Take this one on the chin, respond appropriately. One thing I’ve read about responding to reviews is to acknowledge their issue and mention addressing it going forward. That way future patients read that as a positive overall. For someone to leave a negative review and be on the phone for 20 minutes without ever coming in says a lot about this person’s character. That being said and as promised, I’ve attached our initial call-template PDF to this forum post. When we practice initial calls, I have Erin following this and reading it during our downtime so that she relies on it less and less. For you, or anyone who happens to take a look at it, any suggestions/corrections are welcome because if there’s a better way to handle any situation, I’m all for it.

              You must be logged in to view attached files.

              Brandon Cohen DC, CSCS

                Thank you, everybody, this is all very helpful.

                I am not really that concerned with the negative review, I just wanted to make sure we responded in a reasonable manner.

                Having my receptionist go through the process has been good. She made some more adjustments to it based on some recommendations here, and its always hard to deal with unreasonable people.

                To fill it in a little for everyone, The caller refused to give a name when asked and kept saying, “I just want to schedule an appointment.” She also insisted that she wanted a chiropractor and that chiropractic is covered by her insurance so she’s not worried about that. Each time she was redirected to relevant information, location, chronicity, etc she gave vague answers like “my back hurts” and “for a while.”

                Each time Lisa would try and see if she qualified she would say, “I just want to schedule an appointment, how do I do that.” She was on the phone with her so long that she was put on hold twice to process patients in the office both checking in and checking out. Lisa was just about to tell her that she should probably try something else first, whe she put her on hold the second time. The second time on hold, she hung up.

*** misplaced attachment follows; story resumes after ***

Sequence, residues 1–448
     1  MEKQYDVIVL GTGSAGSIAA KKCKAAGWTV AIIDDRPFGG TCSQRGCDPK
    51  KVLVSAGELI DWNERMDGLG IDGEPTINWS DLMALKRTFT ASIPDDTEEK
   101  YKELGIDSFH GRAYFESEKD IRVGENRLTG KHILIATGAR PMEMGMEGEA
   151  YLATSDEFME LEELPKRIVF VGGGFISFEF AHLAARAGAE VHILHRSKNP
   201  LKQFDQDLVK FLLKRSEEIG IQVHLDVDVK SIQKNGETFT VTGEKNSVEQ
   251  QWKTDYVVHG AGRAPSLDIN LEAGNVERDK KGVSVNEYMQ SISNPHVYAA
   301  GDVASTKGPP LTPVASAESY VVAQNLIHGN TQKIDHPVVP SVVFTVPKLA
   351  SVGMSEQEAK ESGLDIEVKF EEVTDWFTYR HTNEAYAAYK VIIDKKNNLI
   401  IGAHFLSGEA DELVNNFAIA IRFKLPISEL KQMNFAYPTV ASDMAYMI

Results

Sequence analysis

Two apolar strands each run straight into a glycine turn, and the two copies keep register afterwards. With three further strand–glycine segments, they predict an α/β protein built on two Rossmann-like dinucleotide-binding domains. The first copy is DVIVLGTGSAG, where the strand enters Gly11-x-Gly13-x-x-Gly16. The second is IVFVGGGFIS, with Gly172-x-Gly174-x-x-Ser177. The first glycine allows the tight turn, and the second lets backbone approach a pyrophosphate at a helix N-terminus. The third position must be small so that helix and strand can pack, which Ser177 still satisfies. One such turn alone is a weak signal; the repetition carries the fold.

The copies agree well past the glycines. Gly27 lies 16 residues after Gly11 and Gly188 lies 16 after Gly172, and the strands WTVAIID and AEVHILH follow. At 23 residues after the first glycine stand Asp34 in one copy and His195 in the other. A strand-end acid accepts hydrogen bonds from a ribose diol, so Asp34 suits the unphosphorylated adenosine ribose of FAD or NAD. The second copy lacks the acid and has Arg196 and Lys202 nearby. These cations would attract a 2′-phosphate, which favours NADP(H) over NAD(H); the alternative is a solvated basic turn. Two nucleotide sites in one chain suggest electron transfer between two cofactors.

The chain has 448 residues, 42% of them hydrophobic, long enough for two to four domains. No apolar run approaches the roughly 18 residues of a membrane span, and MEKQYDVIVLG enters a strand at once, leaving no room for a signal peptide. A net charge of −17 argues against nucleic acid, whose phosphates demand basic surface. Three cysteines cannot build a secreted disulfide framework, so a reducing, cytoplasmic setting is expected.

Some people are just terrible, I heard parts of the conversation a couple of times as I was in and out with patients, and Lisa was more than patient and pleasant with her. She was not a good fit for our office and proved that to herself.

                I truly feel sorry for people like this. They have to go through life being difficult and feeling victimized to the point that they spend time writing reviews like this. I’m just sorry she doesn’t have a good story to tell at parties about the experience.

                Nina and Cody, thanks for the input, those are mostly my thoughts as well.

                Carl, if you want I’ll write you a negative review.

                Thanks, Adam for the flowsheet, it looks similar to what we have too.


                William Brady, DC

                  Great info. Adam that flow chart looks great. Thanks for providing that.
                  I am always all over my staff for trying to be “too helpful” to customers that exhibit red flags early in the conversation. Your staff has to know it’s not “mean” to determine if you are a qualified customer and then if not, to politely end the call. 20 minutes on the phone is an eternity! Especially when they wouldn’t give you their name. The conversation should have never passed this hurdle. “Without getting your name we can’t take any other steps today. Would you like to provide me with your name?” “No.” “I have to end the call now. Have a nice day.” The remaining 19 minutes of that call only generate friction and frustration for all involved. You can’t reason with unreasonable people but you can disengage. The flow chart needs to have ‘disengage’ for the rare instances where someone is just bizarre.

                  This is less likely to result in a bad review. There isn’t enough time to generate investment in the outcome of the conversation. They can just call another doctor and bother them.


                  Brandon Cohen DC, CSCS

                    Thank you, we have instituted an “out clause”

                    We now start this early in the call.

                    “We want to make sure you are a good fit for our office, can I ask you a couple of questions to determine if this might be the right place for you?

                    That’s a start, I have a great receptionist now, and she wants to be very helpful….as we have seen.

                  Viewing 8 posts - 1 through 8 (of 8 total)

                  You must be logged in to reply to this topic.